Christ as the Center of Religion
On the one side is religion—a something; on the other side is Christ. Christ isn’t a something, He’s a Someone we can know and trust. When we have Christ at the center of our lives, all our doing has meaning, purpose, and a true focus. Religion can be many good things, but it cannot be a substitute for Christ. Religion without Christ is hollow and self-centered. We use our actions to make ourselves feel good or look good. Religious actions with Christ have purpose and meaning and satisfy us completely. There’s nothing basically wrong with religion or being religious just as long as our motivation is correct and our focus remains on Christ rather than on ourselves or a person or thing. The sacraments of baptism and communion are ways to help us relate to and stay in communion with Christ and His church, but they should never become rituals that are done out of mere habit, formality, tradition, or superstition.
In exchange for our trust in Him, Christ does many things for us that religion cannot do. He loves us and shows us how to live (john 15:13; romans 8:35; 1 john 2:6). He declares us “not guilty” and forgives us (romans 3:24; 5:1; ephesians 1:7). He gives us His Spirit and lives within us (john 14:16–17; colossians 1:27). He rescues us from Satan’s power (colossians 1:13). He brings us into God’s family (john 1:12; ephesians 1:5,11). He brings us to God (1 timothy 2:5) and gives us peace with Him (romans 5:1). And He gives us eternal life (6:23).
Christ is also superior to religion. He is the all-encompassing Person who is everywhere we look. When we look backward, we see that He is the Creator and eternal Word who was not only with God from the beginning, but who actually is God (john 1:1–3). When we look forward, we see Him coming as our King and Judge who will one day rule the earth and judge every heart (acts 1:6–11; romans 14:7–12). If we look up, He is our Savior and Lord who alone can reach down and save us while at the same time He is our loving and wise Lord (john 3:13–16; philippians 2:9–11). By looking down, we see him holding us in His hands as our Provider and Sustainer (colossians 1:16). As we turn to the right to see what is morally correct, He becomes our Teacher and Example (1 peter 2:21; 1 john 2:6). Should we turn left—the opposite direction from what is “right,” and therefore to what is wrong, He becomes our Intercessor and Advocate (1 john 2:1–2). And finally as we look within ourselves, we see Him as our Life, our Peace, and our Strength (galatians 2:20; colossians 1:27).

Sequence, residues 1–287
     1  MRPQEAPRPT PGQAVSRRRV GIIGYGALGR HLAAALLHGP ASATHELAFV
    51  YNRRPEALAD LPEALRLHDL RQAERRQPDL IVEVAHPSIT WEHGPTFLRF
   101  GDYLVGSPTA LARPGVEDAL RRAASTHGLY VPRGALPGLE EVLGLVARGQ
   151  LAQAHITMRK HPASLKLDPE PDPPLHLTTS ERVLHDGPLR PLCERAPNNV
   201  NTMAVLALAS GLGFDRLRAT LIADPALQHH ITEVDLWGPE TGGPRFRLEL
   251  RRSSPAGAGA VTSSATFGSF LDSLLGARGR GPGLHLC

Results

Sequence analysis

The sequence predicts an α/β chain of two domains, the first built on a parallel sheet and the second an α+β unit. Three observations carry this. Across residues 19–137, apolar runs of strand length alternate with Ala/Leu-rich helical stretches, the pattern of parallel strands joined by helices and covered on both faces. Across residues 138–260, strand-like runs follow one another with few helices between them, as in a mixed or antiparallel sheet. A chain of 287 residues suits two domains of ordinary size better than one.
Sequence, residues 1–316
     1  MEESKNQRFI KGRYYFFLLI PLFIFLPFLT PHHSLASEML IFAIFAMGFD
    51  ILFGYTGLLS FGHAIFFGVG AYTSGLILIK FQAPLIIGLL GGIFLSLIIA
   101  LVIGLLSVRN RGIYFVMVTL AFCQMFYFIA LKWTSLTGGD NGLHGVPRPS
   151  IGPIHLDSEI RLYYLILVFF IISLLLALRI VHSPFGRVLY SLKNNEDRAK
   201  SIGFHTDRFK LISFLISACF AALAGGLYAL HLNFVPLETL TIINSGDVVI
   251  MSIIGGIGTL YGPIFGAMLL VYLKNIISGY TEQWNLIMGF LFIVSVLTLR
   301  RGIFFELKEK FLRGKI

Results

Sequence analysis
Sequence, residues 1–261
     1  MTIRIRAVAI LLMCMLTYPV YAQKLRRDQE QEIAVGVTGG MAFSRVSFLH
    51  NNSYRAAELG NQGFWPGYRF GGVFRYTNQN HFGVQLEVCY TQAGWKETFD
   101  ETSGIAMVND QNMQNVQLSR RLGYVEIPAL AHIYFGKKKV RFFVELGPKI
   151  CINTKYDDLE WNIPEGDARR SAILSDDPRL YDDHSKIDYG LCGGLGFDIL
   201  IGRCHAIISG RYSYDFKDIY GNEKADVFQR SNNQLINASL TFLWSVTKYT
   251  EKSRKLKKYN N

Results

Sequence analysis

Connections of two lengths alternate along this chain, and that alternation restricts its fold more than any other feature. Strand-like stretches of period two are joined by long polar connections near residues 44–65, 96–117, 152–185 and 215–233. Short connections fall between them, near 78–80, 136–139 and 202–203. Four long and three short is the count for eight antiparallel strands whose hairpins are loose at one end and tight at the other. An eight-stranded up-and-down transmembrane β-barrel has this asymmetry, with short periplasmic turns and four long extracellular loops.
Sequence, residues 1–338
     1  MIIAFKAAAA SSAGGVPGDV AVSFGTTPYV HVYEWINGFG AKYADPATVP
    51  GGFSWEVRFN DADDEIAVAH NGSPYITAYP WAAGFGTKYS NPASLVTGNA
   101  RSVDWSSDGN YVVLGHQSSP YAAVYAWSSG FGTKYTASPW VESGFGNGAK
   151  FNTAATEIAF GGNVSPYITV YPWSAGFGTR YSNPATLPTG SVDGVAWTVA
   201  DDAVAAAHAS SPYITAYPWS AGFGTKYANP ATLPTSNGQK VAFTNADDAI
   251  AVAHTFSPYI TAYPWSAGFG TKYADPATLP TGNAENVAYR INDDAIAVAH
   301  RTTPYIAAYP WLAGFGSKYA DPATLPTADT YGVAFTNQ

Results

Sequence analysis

How to Focus on Christ
We pray, read and study the Bible, and worship in order to remain in a close relationship with Christ. Praying is our way of communicating with God. When we have a close relationship with anyone, we make sure we stay in contact whether they live just a few miles away or on the other side of the world. Communicating with God every day is important to stay focused on Him. Just as you communicate with friends, so you should regularly communicate with God through prayer.
Another way to keep Christ as the focus of our lives is to read the Bible as well as study it to know how Christ wants us to live. When we are highly interested in a subject or a person, we spend time surfing websites to learn more about the subject. We might even read an entire book on the subject, either a biography or their “how-to handbook.” The Bible is both of those in one, giving us the biography of Christ’s life as well as the “how-to” live with and for Him. Spending time with the direct words of God in Scripture provides the perfect tutorial.
Regular worship is also important for keeping our focus on Christ, but we must be sure to be fully engaged in worship and actively seek God’s leading. If we allow ourselves to drift through the service or focus on ourselves rather than God, we can easily turn an opportunity for worship into a shallow, religious tradition, with us mindlessly going through the motions.
On the issue of religion or Christ, there is no option of exclusively selecting one or the other. Religion without Christ makes us merely a “sounding brass or a clanging cymbal.” Religion with Christ fills us with his light and his love.